Friday, September 18, 2009

Are Single-Sex Classes the Answer?

School is not usually a boy-friendly place. But what if your son was in an all-male classroom? Would make a difference?

A just-released report from Arizona suggests that it might. Officials at Anderson Junior High School say that four years of single-sex education have increased boys' test scores. Boys' scores increased from:
  • 62 to 69 percent in reading
  • 77 to 84 percent in math
  • 55 to 73 percent in writing

But it's not enough to just separate boys and girls into different classrooms. According to Dr. Leonard Sax, a vocal supporter of single-sex eduction, boys and girls must be taught differently. "If you put a teacher with no preparation into an all-boys classroom and she still expects the boys to sit still and be quiet, you're not going to get good results," Sax said. "In fact, you may have trouble."

If the teachers are aware of the learning differences between boys and girls, though, the results can be almost magical. At Anderson, teachers in all-boy classrooms utilized competive learning environments, physical movement and visual lesson plans.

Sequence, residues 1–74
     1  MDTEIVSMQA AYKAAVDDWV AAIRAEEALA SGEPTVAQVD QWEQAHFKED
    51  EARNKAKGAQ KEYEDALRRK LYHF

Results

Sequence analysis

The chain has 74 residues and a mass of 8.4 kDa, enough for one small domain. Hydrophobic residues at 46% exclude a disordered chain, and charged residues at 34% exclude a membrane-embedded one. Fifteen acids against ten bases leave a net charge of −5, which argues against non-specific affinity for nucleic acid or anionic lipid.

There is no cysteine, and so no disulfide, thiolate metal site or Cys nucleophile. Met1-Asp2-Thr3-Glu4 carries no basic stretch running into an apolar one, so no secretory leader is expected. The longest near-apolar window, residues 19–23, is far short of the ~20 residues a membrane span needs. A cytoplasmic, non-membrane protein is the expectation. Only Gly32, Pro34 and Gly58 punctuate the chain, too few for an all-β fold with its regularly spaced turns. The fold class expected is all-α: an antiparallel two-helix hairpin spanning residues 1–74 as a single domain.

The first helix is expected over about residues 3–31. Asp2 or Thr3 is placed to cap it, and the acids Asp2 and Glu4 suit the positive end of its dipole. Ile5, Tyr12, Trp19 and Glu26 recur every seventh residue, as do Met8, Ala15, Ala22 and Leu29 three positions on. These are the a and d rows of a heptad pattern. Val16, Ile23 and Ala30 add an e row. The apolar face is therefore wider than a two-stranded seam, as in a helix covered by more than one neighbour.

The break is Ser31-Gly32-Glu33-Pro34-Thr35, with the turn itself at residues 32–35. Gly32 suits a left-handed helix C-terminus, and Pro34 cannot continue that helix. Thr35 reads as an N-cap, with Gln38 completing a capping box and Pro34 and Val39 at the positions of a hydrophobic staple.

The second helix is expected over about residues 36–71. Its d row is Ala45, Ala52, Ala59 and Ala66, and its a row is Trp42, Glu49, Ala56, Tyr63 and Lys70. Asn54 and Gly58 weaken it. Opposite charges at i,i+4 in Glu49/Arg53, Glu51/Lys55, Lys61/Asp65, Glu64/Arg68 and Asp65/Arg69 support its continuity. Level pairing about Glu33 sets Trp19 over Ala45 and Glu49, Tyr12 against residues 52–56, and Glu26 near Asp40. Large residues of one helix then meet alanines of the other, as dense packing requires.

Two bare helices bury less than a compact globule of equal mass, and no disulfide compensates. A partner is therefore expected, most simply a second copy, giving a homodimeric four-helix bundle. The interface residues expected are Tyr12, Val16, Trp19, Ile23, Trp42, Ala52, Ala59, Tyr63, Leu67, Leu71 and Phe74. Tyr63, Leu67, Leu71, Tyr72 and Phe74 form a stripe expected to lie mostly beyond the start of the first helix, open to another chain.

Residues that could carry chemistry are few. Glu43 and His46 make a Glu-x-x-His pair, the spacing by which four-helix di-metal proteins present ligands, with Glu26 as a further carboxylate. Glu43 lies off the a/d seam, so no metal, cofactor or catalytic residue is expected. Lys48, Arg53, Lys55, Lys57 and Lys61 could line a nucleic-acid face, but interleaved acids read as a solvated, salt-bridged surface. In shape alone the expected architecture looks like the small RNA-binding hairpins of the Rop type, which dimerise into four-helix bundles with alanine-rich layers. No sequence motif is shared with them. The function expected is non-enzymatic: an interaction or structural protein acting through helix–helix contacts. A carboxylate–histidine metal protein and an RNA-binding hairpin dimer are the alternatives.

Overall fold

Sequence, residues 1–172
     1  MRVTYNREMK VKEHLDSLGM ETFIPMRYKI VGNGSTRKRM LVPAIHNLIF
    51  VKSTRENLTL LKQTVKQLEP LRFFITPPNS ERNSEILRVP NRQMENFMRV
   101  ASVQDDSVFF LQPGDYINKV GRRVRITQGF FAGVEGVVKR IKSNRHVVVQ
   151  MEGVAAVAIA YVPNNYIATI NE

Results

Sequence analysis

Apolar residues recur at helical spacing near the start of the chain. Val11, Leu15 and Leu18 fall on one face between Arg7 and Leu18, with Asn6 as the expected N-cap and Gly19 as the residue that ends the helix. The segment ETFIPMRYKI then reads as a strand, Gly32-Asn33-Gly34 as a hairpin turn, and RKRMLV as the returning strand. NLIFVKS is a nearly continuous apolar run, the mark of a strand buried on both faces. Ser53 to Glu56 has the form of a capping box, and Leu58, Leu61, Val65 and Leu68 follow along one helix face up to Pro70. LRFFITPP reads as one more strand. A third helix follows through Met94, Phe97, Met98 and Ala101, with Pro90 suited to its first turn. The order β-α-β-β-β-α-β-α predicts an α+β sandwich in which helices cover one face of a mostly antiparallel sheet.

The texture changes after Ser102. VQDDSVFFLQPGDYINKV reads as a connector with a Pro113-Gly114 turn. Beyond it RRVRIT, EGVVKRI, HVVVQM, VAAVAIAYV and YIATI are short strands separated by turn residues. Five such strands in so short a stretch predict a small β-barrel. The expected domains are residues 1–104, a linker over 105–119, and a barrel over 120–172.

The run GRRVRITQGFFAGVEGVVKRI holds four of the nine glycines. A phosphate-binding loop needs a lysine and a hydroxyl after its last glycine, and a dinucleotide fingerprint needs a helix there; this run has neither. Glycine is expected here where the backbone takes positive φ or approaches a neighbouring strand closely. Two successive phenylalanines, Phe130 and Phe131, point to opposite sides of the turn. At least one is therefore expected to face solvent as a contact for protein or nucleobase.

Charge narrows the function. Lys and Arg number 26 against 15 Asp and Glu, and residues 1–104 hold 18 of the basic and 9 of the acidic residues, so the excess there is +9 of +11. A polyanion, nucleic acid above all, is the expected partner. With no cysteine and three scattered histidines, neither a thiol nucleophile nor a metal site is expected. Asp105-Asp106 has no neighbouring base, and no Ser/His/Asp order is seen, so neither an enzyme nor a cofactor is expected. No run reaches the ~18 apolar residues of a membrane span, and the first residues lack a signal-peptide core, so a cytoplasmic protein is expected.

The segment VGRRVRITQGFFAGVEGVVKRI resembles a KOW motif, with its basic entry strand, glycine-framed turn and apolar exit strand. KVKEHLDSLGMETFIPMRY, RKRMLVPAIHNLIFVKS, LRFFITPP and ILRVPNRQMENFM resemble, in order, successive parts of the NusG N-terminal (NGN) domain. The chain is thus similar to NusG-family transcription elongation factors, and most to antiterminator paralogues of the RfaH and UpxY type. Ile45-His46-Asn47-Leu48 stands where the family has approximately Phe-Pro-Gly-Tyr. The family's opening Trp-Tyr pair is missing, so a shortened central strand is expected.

Dr. Sax believes that young boys stand to gain even more than older boys from single-sex classrooms. "What's best for a five-year-old girl is different from what's best for a five-year-old boy," Sax says. "The most dramatic success stories we have of huge jumps in grades and test scores and drops in discipline referrals are at the elementary school level."

Think there aren't any single-sex elementary classes where you live? You may be wrong. According to Dr. Sax, just 11 public schools were offering single-sex classroom in 2002. Today, there are over 500. For a complete list, visit

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  1. I was just commenting to a friend how when I was in college (I went to school in AZ) at the time there was no such thing as a co-ed just wasn't allowed. Then the trend changed. Now I'm hearing more about single-sex schools younger grades. Just fascinating. An interesting post.

  2. Thanks, Meredith. I'd always been rather anti-single-sex schools, thinking that the world is co-ed anyway. But now that I have boys and I see the research on the differenes b/t boys and girls and how they learn, I can see some very distinct advantages, esp. at the younger ages.

  3. We've always thought school was very much designed for girls - especially at the elementary level where kids are expected to sit at a desk or table all day with a single teacher. Our very active younger son just started middle school, and he is thriving already! We knew he'd love changing classes every hour and the variety of different teachers and classes - it allows him to move around a little every hour, so he can better sit still and focus during class time. He loves it!

    Another interesting aspect - the best elementary teacher he had was a man. He totally "got" our son and appreciated his enthusiasm (though he still got in trouble sometimes for talking out of turn). Then again...his worst teacher was also male, but that was more due to his immaturity and personality rather than his maleness!

    Interesting and thought-provoking post!